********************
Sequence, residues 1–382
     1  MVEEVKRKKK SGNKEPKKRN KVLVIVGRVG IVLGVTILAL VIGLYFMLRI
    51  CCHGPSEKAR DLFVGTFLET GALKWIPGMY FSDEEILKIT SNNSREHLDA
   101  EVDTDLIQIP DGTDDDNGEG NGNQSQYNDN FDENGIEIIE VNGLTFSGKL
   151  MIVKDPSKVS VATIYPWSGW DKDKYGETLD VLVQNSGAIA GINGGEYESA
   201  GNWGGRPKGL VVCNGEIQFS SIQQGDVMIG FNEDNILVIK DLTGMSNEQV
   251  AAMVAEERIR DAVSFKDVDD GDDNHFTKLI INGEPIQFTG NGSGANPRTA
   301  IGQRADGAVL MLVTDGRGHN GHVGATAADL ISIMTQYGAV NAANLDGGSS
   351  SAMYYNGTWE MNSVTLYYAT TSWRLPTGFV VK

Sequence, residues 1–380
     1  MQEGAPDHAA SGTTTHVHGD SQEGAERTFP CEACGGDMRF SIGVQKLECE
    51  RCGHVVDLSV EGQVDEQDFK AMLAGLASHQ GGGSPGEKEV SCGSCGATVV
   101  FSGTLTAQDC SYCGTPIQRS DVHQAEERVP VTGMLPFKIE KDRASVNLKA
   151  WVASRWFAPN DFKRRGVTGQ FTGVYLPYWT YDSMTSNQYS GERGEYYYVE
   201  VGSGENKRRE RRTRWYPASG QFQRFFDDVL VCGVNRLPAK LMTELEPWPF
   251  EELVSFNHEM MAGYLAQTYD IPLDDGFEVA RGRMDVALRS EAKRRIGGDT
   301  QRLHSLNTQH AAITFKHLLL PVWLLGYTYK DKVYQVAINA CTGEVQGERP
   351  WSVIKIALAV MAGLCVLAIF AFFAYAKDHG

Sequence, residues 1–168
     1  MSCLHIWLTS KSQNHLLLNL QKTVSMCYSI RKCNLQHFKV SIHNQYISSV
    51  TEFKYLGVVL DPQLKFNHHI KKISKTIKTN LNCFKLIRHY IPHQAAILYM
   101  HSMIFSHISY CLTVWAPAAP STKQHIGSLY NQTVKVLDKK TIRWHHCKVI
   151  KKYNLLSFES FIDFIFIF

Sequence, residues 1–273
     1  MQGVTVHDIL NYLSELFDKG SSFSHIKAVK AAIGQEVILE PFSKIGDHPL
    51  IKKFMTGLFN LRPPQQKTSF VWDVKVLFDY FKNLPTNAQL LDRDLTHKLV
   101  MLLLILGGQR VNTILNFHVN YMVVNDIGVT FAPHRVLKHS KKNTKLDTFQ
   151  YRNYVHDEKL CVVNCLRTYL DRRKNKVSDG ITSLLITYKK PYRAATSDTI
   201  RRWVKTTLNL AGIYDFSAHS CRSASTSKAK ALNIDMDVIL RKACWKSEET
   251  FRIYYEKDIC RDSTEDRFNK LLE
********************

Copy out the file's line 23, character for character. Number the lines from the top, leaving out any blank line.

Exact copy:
   151  KKYNLLSFES FIDFIFIF